Hypoxic failure of synaptic transmission in the isolated spinal cord, and the effects of divalent cations.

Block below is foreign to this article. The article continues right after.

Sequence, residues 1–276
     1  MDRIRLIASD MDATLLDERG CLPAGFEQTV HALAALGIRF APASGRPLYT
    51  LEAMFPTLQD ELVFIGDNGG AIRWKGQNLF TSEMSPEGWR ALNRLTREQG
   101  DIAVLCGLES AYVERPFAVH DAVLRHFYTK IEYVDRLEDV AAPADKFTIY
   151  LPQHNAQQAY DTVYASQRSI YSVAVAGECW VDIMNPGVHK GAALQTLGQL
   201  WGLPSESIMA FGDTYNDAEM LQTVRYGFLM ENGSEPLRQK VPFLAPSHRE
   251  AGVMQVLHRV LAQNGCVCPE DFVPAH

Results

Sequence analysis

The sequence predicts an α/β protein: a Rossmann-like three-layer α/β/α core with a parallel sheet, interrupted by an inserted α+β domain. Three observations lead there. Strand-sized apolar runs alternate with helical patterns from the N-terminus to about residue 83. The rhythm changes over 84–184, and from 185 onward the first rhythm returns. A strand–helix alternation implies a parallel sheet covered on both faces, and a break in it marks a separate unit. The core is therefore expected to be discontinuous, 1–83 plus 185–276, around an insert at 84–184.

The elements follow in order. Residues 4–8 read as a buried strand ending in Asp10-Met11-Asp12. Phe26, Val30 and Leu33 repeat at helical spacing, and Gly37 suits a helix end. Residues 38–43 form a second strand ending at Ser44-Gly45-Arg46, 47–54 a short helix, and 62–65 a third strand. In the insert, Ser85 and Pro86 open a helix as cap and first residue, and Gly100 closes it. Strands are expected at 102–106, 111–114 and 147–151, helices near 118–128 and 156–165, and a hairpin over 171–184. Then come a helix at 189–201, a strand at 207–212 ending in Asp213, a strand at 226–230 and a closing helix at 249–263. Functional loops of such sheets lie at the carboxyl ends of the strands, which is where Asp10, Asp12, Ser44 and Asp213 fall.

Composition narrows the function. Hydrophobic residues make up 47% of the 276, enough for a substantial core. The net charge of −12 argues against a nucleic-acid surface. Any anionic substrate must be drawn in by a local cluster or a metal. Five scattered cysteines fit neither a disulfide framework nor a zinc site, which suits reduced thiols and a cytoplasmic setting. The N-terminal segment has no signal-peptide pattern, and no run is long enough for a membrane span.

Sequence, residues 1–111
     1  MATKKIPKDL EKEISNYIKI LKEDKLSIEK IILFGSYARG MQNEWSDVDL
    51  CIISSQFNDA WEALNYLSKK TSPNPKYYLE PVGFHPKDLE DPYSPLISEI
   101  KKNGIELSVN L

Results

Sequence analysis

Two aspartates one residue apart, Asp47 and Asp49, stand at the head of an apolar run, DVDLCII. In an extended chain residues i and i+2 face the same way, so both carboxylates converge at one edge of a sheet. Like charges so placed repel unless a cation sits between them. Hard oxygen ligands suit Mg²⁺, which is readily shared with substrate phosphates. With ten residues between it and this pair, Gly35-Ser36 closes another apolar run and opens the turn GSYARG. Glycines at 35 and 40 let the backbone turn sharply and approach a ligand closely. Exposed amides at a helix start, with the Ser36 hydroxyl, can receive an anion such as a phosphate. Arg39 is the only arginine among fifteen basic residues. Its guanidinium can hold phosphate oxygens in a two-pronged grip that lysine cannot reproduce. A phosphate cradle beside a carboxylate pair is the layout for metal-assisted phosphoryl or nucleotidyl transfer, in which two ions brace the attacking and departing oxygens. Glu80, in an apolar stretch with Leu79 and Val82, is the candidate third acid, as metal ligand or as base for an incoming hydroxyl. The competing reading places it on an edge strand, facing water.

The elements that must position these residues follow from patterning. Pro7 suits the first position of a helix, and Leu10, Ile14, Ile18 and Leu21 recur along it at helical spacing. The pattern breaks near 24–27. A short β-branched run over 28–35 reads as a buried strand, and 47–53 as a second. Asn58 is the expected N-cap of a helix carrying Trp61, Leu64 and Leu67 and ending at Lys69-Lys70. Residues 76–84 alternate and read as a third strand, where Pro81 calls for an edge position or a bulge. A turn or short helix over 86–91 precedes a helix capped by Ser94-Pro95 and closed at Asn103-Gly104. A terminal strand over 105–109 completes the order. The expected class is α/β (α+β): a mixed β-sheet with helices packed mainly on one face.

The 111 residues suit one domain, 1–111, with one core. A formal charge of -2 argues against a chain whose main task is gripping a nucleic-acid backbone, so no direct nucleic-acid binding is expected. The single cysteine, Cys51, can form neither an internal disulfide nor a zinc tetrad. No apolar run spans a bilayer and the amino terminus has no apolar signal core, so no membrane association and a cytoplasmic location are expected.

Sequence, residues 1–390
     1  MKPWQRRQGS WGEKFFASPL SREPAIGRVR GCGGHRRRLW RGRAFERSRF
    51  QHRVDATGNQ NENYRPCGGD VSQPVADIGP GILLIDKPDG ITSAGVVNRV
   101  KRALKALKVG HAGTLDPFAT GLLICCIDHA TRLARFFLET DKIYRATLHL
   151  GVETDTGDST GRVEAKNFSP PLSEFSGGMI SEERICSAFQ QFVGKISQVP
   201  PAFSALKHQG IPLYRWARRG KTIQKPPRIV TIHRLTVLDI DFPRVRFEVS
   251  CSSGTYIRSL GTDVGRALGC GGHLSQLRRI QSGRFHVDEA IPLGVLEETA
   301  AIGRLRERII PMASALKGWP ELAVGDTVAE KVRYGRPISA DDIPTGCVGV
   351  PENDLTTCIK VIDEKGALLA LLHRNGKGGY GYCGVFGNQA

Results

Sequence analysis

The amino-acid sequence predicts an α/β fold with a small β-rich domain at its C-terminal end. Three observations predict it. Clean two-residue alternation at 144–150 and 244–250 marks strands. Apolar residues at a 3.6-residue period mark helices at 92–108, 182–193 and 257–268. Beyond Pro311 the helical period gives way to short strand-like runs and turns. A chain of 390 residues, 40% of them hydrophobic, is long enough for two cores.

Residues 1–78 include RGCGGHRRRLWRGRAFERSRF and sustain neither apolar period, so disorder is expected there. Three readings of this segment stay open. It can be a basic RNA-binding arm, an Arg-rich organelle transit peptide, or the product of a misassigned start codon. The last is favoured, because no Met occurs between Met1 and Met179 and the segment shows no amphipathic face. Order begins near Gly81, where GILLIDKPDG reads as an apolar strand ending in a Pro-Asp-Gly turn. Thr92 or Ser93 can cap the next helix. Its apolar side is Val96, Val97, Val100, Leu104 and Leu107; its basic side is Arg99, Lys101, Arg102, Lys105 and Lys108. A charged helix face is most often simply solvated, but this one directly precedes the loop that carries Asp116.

Responses evoked by stimulation of a dorsal root were recorded from ventral and dorsal roots of isolated spinal cords of infant mice. Interstitial potassium, [K+]o, and extracellular DC voltage were recorded from dorsal gray matter in some experiments. When oxygen was withdrawn, synaptically transmitted discharges (dorsal horn response, DHR, and monosynaptic ventral root reflex, VRR) began to be depressed within a minute, and were depressed to less than 30% of control amplitude in 10-15 min. Responses recovered fully if oxygen was readmitted within 45 min, but no recovery was seen after 90 min of hypoxia. The degree of the depression of VRR was as expected from the depression of the electrotonically conducted excitatory postsynaptic potential (VRepsp). Responses failed much more rapidly in spinal cords of 15-16-day-old mice, than of 9-14-day-olds. When the spinal cord was bathed in elevated [Ca2+]o or in reduced [Mg2+]o, synaptic transmission was consistently maintained for a longer period of hypoxia than in bathing fluid of normal cation content. In a sizeable minority of the trials during hypoxia an abrupt increase of [K+]o occurred, accompanied by a sudden negative shift of extracellular potential, closely resembling spreading depression (SD) of forebrain structures. Delayed post-hypoxic spontaneous activity was seen in many spinal cords. The results are compatible with the hypothesis that hypoxic failure of synaptic transmission is due, in part or whole, to blockade of inward Ca2(+)-current in presynaptic terminals. Cells in spinal gray matter can no longer be regarded as 'immune' to SD-like depolarization, but the limited conditions under which SD can occur are not yet clear.
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